This chapter develops an alternative approach to Hegel’s justification of private property, one which restores to a central place the two important themes that are marginalized by Waldron. In all of the mature versions of Hegel’s social philosophy, the main discussion of property can be found in the section entitled ‘Abstract Right’. The central assumption of ‘Abstract Right’ is that the agents, or wills, who make up the social world are persons or possess personality. Both Fichte and Hegel discuss property in the context of the same basic problematic. The two thinkers assume a conception of agents as individual persons and think that a central problem of social and political philosophy is to identify the social conditions of the possibility of personality. The argument is most clearly made as part of Fichte’s deduction of the relationship of right in general.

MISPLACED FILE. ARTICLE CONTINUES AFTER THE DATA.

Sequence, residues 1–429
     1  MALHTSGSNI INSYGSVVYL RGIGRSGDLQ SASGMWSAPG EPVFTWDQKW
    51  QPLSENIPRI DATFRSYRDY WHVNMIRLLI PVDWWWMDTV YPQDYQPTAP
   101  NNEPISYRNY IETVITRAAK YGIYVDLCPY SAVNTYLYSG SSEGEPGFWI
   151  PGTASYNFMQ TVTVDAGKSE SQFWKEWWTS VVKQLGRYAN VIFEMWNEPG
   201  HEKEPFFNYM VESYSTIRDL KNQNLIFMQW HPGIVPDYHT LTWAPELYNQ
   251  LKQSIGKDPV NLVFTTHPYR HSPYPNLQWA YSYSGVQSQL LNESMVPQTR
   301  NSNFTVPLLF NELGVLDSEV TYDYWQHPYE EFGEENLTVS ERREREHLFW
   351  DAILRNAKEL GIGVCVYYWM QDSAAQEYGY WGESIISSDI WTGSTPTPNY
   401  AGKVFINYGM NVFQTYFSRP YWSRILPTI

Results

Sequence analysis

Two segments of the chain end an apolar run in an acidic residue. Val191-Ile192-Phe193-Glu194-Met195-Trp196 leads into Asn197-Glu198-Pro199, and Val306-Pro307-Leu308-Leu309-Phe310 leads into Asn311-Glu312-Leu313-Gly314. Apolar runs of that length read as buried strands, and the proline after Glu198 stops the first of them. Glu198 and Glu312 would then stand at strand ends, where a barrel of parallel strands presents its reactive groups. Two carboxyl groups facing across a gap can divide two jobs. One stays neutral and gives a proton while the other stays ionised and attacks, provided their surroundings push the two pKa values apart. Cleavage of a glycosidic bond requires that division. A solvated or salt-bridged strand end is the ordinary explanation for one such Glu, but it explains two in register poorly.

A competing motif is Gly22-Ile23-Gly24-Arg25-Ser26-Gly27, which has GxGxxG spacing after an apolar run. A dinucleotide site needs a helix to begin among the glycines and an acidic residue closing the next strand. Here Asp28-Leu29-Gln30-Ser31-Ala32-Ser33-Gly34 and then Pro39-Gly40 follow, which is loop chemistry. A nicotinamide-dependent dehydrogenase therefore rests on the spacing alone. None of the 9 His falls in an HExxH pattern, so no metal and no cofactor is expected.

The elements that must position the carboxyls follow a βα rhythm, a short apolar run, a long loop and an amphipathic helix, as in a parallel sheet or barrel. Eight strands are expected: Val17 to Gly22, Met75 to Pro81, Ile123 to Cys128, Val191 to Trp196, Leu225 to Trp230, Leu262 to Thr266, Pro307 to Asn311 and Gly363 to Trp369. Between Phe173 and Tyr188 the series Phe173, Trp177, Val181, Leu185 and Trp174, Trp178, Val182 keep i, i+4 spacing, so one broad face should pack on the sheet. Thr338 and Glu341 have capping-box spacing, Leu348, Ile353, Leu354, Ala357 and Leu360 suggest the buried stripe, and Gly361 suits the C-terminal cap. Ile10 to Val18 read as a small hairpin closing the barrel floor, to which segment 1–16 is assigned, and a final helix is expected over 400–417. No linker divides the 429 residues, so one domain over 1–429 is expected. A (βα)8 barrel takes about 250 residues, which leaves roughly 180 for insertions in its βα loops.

All Science Journal Classification (ASJC) codes
- General Social Sciences